Being slightly intimidated by the breadth and scope of this enormous music lovers' conference, I decided I should start things off with an old favorite, Ellis Paul. As always, he was a consummate musician. He knows exactly what consonants to stress and which vowels to elongate, he shapes his lyrics gracefully, his guitar playing is technically flawless...in short, Ellis Paul is a delight to listen to. That said: part of me wishes he were performing in a smaller room, one where he didn't need a microphone. The details of his voice get lost in a larger space, I think, and so I missed some of the warm intimacy that I was expecting.
There were three standouts in his performance: First, a tribute to Johnny Cash called "Kick Out the Lights." It's inspired by an experience Cash had at the Grand Ol Opry where he really did - you guessed it - kick out the stage lights. He was banned from the Opry for life after that performance. Ellis Paul got his audience to sing along - and enthusiastically, too! - during the chorus. It was fun. (Not that I sang along, of course. Being from Minnesota...singing in public isn't something we generally feel comfortable doing.)
The second highlight was a new song called, I think, "Scarecrow in a Corn Maze." THIS is where Ellis Paul shines. Moving over to a keyboard, he created a cast of characters who participate in what turned out to be a very compelling story. Classic Ellis Paul, for sure.
The last highlight wasn't actually a musical one. As he was preparing to do one final song, he started doing what he does - telling a story. It was the story of the absolutely gorgeous guitar he was playing tonight, a guitar he calls "Guinness" because of its beautiful multi-toned wood. Ellis Paul had the whole audience laughing with him as he wrapped up his set.
Act two of tonight was a performance I've been looking forward to for a couple of weeks now. The Changing Room is a band from a seaside fishing town in Cornwall called Looe. It's a five-piece ensemble featuring Celtic harp, accordion, guitar, banjo, and bodhran (in addition to vocals). While I wouldn't say I was disappointed in the performance, I would say that it wasn't quite as high energy as I was expecting/hoping for. This may well be because the band only arrived in Kansas City 2 hours before they took the stage...and that's after traveling for something like 23 hours. No wonder they were tired!
I imagine it's a real challenge to mic a band like this: two primary vocalists with very different ranges and two vocalists who provide harmony vocals, a Celtic harp, an accordion, a guitar, a banjo and a (so awesomely fantastic) bodhran. The band's sound was muddy at times, which makes me think they might be better suited for a smaller venue. There were, however, moments of sheer beauty when the two musicians who lead the band (and who founded it, incidentally, a few years ago), Tanya Brittain and Sam Kelly, traded verses back and forth. If I had one wish, it would be to hear more of Tanya and to hear how the band sounds in a smaller space. Ok, here's another wish: to figure out why they call themselves The Changing Room.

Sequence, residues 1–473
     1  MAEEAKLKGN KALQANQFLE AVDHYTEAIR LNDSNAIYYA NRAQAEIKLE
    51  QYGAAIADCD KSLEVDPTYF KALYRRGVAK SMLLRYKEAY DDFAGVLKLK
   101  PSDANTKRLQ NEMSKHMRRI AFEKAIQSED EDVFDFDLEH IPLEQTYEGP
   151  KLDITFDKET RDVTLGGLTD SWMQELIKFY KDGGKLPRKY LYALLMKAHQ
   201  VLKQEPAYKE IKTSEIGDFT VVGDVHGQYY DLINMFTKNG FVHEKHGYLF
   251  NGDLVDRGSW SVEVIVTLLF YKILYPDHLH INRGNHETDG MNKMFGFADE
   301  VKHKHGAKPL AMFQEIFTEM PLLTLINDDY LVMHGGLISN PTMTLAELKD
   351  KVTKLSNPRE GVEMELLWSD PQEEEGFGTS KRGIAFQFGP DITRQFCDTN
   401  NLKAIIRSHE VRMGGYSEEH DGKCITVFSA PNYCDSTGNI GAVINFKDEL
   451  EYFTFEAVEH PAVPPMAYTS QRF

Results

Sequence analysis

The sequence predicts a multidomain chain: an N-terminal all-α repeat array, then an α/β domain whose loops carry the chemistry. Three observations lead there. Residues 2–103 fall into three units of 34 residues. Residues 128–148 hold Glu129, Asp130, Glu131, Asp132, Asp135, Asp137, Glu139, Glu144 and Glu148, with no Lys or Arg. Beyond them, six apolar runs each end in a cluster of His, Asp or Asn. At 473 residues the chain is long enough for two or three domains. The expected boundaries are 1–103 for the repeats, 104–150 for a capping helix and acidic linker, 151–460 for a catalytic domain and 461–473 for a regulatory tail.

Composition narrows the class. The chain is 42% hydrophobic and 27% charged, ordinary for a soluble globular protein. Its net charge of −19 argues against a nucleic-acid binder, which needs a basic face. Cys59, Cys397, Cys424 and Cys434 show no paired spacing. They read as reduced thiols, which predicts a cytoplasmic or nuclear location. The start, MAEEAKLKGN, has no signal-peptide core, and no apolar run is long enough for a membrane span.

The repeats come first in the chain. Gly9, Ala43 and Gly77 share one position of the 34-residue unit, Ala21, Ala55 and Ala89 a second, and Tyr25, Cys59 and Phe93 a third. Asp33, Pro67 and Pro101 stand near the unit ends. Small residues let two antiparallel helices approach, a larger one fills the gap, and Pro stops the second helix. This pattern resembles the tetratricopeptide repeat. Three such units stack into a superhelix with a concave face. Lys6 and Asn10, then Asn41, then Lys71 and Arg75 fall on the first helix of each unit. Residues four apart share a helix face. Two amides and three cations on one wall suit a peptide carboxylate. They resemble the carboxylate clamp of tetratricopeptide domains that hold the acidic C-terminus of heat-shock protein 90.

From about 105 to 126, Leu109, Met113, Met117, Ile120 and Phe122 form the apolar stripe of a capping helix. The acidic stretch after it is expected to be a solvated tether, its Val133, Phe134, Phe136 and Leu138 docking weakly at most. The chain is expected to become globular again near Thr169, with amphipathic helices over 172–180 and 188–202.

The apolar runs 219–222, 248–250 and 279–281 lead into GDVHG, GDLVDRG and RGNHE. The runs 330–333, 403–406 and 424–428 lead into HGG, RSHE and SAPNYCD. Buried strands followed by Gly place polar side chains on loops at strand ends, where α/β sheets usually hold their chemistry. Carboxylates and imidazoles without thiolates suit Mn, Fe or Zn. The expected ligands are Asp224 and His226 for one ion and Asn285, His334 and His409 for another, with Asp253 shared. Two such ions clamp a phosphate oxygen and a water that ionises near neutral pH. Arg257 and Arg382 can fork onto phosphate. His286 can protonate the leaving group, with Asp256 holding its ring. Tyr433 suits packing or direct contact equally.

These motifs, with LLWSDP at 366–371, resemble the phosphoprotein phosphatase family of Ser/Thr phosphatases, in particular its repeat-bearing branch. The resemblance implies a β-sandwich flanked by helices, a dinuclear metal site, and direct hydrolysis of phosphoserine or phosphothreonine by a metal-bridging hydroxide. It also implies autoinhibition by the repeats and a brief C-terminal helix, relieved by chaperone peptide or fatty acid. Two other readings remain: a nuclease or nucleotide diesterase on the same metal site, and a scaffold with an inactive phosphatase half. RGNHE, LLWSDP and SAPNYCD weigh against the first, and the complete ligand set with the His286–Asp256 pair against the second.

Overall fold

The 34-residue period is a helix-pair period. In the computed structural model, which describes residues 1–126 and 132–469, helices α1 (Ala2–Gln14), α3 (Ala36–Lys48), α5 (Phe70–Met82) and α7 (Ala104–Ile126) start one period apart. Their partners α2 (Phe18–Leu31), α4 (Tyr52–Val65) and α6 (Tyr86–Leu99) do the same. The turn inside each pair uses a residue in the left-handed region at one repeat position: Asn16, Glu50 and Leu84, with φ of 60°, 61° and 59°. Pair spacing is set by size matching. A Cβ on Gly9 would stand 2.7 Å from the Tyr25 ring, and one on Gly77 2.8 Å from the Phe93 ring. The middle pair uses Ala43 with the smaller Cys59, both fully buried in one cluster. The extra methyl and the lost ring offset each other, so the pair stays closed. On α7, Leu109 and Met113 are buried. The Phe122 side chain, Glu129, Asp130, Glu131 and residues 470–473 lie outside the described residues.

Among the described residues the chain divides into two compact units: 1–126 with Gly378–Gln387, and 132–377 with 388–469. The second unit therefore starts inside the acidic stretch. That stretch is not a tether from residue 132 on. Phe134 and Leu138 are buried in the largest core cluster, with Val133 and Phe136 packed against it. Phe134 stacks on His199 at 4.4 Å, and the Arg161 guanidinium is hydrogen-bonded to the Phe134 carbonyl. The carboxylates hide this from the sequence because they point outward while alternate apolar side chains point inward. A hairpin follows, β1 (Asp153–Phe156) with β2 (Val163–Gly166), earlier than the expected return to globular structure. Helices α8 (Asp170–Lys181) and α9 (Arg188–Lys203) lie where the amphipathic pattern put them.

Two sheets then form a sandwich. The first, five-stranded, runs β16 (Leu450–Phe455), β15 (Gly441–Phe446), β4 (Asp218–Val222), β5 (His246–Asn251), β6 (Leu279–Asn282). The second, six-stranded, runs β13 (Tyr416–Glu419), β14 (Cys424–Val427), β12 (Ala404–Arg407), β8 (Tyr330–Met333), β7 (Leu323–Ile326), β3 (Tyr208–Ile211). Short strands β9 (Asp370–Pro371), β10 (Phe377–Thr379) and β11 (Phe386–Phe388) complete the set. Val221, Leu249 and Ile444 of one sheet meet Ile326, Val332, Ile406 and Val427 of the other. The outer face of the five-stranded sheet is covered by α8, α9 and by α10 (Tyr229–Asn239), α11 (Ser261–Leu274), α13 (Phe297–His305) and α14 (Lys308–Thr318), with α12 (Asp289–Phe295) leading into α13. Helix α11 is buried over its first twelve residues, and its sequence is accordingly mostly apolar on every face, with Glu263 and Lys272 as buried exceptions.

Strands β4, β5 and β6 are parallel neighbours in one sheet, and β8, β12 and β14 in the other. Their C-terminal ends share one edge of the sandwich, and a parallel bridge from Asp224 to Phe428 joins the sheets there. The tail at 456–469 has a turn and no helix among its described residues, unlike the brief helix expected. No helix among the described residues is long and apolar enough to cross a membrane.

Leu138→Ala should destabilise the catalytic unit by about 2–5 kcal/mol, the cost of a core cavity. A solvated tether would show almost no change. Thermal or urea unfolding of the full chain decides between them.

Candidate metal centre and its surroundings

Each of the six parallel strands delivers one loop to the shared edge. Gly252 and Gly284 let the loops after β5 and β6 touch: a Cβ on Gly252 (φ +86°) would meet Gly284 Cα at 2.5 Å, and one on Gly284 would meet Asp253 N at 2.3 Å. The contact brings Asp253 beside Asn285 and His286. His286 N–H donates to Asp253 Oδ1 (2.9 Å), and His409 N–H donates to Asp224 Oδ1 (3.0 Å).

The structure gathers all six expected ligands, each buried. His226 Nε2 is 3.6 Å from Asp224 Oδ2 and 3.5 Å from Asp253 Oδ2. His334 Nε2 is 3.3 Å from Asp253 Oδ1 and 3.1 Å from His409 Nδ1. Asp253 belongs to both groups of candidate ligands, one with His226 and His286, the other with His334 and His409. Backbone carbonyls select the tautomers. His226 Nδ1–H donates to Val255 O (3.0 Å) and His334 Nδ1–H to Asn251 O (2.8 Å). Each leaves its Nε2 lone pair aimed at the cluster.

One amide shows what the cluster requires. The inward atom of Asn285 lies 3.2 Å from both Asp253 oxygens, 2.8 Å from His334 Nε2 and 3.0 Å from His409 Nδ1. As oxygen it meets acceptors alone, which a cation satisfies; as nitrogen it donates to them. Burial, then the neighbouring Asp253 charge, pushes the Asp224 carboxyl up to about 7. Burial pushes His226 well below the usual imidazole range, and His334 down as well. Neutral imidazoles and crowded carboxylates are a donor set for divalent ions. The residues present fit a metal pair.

Act three. In a word: Whoa. The Railsplitters are a 5-piece bluegrass band from Boulder, Colorado and they blew me away. Now, when you hear someone describing a "hot young bluegrass band," there's a certain image that comes to your mind. And it's not a bad image - not at all. But it's a sort of "oh, haven't we heard this kind of thing before" image. I wasn't too terribly excited about the band initially, I admit. Their online videos are fine, the music I've heard from recordings is definitely interesting and technically well played. But where they really shine? Live in concert. That's where they bring the kind of energy that makes the hairs on your arms stand straight up.
Headed by a woman with an absolute powerhouse of a voice, Lauren Stovall, this band takes incredible chances when it comes to harmonies and rhythms. They seem to delight in sudden changes that should seem jarring but somehow are not and there was not a weak moment in their 30 minute set. As of this moment, The Railsplitters are in the number one slot on my "Favorite Acts From Folk Alliance 2017" list.
Act 4 was the first of the two private showcases I attended tonight: Amilia K. Spicer. Her voice is compelling in a way that's kind of hard to describe. Think Aimee Mann...but not as intense. It's this strange mix of delicacy and husky grit - a sound that's so different that it makes you want to hear more. She performed with a percussionist and a (most amazing) mandolin player tonight and all in all it was a decent performance. I will say it was hard to hear her; there was a lot of music making in the hallway and in the other rooms so it was a challenge to catch all the details of her songs.
What did come through, though, was the fact that Amilia K. Spicer is a master when it comes to creating vivid visuals for her audience. Lines like "vines around my ankles" and "chased by lions and dreaming of the Serengeti" make me want to hear more of her music.